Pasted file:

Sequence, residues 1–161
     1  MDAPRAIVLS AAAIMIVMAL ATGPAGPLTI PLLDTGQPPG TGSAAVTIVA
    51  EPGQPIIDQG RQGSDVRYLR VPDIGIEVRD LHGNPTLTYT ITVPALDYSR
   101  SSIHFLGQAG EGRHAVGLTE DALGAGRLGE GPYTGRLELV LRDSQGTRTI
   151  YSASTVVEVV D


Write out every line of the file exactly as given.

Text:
Sequence, residues 1–161
     1  MDAPRAIVLS AAAIMIVMAL ATGPAGPLTI PLLDTGQPPG TGSAAVTIVA
    51  EPGQPIIDQG RQGSDVRYLR VPDIGIEVRD LHGNPTLTYT ITVPALDYSR
   101  SSIHFLGQAG EGRHAVGLTE DALGAGRLGE GPYTGRLELV LRDSQGTRTI
   151  YSASTVVEVV D